'VICTORIA - Health Minister Terry Lake announced $1.5 million in new funding today to support British Columbians living with chronic pain.
The funding to Pain BC will help support the outcomes of the second Provincial Pain Summit, which took place in February, and created a space to share and learn best practices for chronic pain management.
"Chronic pain can be a daily struggle for one in five British Columbians," Lake said. "Pain BC has done significant work to improve the lives of these people and shed light on the social stigma surrounding chronic pain. The funding announced today will help them to create the solutions they discussed at the summit last month and inform our government͛s policy work around this critical issue."
The first Provincial Pain Summit was held in June 2011 and was instrumental in setting the direction for much of Pain BC's work over the last five years. The second summit, sponsored by the Ministry of Health through a $50,000 grant, took place Feb. 17-19, 2017.
The goals of the two-day event were to encourage dialogue, identify and prioritize issues and challenges, determine potential solutions and map out a path for action. It brought together patients, researchers, policy-makers, health-care providers and other stakeholders. Priority areas include creating better chronic pain training for allied health providers, implementing and enhancing existing self-management resources in all communities throughout B.C., and improving chronic pain education opportunities for family doctors.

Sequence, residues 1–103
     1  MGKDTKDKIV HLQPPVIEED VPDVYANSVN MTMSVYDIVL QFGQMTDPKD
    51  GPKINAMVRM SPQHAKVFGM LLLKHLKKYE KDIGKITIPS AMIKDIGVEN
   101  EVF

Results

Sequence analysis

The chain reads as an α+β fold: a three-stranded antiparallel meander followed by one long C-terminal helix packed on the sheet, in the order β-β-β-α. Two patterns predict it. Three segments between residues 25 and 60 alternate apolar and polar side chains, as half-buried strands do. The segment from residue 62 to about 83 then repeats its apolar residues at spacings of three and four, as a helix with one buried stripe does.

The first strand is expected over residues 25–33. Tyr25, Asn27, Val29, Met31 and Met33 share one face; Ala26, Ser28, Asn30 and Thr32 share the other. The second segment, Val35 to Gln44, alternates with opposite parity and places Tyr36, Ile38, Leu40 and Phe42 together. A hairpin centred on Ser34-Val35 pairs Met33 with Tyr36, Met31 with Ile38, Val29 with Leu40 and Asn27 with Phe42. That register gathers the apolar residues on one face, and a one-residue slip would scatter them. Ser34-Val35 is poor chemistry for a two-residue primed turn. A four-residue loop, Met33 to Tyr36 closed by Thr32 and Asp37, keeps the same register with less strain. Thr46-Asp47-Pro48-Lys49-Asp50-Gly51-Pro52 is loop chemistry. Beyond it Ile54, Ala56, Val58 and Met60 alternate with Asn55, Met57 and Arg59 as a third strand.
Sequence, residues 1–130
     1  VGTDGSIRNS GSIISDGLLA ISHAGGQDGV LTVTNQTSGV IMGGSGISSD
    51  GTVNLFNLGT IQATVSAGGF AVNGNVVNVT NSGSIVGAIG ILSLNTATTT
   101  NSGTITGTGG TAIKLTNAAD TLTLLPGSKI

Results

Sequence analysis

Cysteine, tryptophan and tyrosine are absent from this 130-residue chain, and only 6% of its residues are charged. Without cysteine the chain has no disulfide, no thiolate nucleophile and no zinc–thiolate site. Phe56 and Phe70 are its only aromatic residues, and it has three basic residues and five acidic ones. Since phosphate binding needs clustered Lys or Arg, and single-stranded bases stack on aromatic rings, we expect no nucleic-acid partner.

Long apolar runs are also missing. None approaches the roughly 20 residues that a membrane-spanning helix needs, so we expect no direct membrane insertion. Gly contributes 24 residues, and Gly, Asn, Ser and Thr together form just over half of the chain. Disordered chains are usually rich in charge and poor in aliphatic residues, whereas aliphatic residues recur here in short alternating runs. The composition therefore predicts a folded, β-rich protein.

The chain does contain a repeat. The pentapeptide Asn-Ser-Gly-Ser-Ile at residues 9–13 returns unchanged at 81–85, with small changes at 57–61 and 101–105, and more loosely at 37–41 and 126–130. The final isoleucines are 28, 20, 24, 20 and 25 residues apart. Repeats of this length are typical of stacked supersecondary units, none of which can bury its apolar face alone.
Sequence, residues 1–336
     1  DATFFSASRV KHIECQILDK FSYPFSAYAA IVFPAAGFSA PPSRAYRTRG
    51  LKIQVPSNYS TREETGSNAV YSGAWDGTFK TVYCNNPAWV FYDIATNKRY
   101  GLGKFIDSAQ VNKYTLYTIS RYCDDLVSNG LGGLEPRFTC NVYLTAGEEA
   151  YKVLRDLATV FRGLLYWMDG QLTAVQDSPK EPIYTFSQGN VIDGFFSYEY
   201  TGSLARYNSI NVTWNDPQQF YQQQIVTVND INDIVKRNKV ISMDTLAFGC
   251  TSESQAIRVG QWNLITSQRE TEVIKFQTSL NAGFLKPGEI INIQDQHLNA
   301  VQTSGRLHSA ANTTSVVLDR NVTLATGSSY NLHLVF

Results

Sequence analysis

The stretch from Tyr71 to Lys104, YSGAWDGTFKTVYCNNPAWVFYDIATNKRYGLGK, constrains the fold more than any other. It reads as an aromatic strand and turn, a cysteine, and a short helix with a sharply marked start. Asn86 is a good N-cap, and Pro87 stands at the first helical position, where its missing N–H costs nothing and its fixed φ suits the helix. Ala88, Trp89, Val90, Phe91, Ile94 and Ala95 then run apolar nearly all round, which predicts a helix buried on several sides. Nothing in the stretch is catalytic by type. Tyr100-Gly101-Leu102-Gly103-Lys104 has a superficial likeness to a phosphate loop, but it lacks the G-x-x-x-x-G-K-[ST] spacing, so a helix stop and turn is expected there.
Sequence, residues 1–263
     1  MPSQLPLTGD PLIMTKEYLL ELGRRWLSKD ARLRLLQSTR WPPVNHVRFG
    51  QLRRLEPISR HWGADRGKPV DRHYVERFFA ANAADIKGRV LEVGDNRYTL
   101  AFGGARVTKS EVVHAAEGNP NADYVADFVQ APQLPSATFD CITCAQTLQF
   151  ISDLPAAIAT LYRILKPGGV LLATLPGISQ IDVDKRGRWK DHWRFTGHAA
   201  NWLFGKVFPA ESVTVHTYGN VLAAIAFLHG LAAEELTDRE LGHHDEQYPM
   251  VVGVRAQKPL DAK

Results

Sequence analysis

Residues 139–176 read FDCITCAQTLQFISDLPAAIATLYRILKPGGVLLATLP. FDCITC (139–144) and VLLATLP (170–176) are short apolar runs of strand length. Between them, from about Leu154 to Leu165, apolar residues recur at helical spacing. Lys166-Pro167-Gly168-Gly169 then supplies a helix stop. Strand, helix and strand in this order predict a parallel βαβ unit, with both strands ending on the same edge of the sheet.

͞"Pain BC is grateful to the Ministry of Health for supporting our work to advance the outcomes of the second provincial pain summit," said Maria Hudspith, Pain BC Executive Director. ͞"This funding will enable our organization, and our partners, to combat stigma, expand access to services, promote early intervention, and concretely improve the lives of British Columbians living with chronic pain. Just as the first summit in 2011 laid the foundation for much of our work since, this summit has resulted in clear priorities for the next few years. We look forward to working with other non-profit organizations, health authorities, patients, clinicians and government, to develop and implement the summit recommendations."
In 2016-17, the ministry provided more than $500,000 to Pain BC to enhance self-management for patients, and improve doctor supports and education regarding chronic pain. Increasing self-management services for patients supports the ministry͛s direction toward a more patientcentered model of care. Patients in rural and remote areas also benefit as these services are accessed by telephone and online.
The Province, working with its partners in the health-care system, continues to invest in chronic pain management services to improve interventions, co-ordinate services and build a better system.'